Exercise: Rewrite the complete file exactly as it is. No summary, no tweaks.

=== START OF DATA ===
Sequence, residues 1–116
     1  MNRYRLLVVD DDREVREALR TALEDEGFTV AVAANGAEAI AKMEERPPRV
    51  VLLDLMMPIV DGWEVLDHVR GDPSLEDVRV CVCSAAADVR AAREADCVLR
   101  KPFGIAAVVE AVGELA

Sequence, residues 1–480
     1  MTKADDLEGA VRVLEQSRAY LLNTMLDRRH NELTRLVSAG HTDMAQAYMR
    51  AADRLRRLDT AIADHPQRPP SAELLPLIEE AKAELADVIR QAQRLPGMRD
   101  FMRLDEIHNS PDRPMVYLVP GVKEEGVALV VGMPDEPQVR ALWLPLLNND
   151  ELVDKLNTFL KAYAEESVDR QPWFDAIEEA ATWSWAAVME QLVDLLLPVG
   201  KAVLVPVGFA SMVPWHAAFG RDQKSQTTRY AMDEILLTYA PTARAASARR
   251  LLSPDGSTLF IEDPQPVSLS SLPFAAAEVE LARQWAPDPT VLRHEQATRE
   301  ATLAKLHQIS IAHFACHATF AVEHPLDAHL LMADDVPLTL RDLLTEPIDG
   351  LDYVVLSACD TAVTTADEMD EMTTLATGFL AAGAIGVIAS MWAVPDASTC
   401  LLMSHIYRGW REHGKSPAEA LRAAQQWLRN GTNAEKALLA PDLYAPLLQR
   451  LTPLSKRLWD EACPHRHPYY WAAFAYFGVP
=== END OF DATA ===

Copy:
Sequence, residues 1–116
     1  MNRYRLLVVD DDREVREALR TALEDEGFTV AVAANGAEAI AKMEERPPRV
    51  VLLDLMMPIV DGWEVLDHVR GDPSLEDVRV CVCSAAADVR AAREADCVLR
   101  KPFGIAAVVE AVGELA

Sequence, residues 1–480
     1  MTKADDLEGA VRVLEQSRAY LLNTMLDRRH NELTRLVSAG HTDMAQAYMR
    51  AADRLRRLDT AIADHPQRPP SAELLPLIEE AKAELADVIR QAQRLPGMRD
   101  FMRLDEIHNS PDRPMVYLVP GVKEEGVALV VGMPDEPQVR ALWLPLLNND
   151  ELVDKLNTFL KAYAEESVDR QPWFDAIEEA ATWSWAAVME QLVDLLLPVG
   201  KAVLVPVGFA SMVPWHAAFG RDQKSQTTRY AMDEILLTYA PTARAASARR
   251  LLSPDGSTLF IEDPQPVSLS SLPFAAAEVE LARQWAPDPT VLRHEQATRE
   301  ATLAKLHQIS IAHFACHATF AVEHPLDAHL LMADDVPLTL RDLLTEPIDG
   351  LDYVVLSACD TAVTTADEMD EMTTLATGFL AAGAIGVIAS MWAVPDASTC
   401  LLMSHIYRGW REHGKSPAEA LRAAQQWLRN GTNAEKALLA PDLYAPLLQR
   451  LTPLSKRLWD EACPHRHPYY WAAFAYFGVP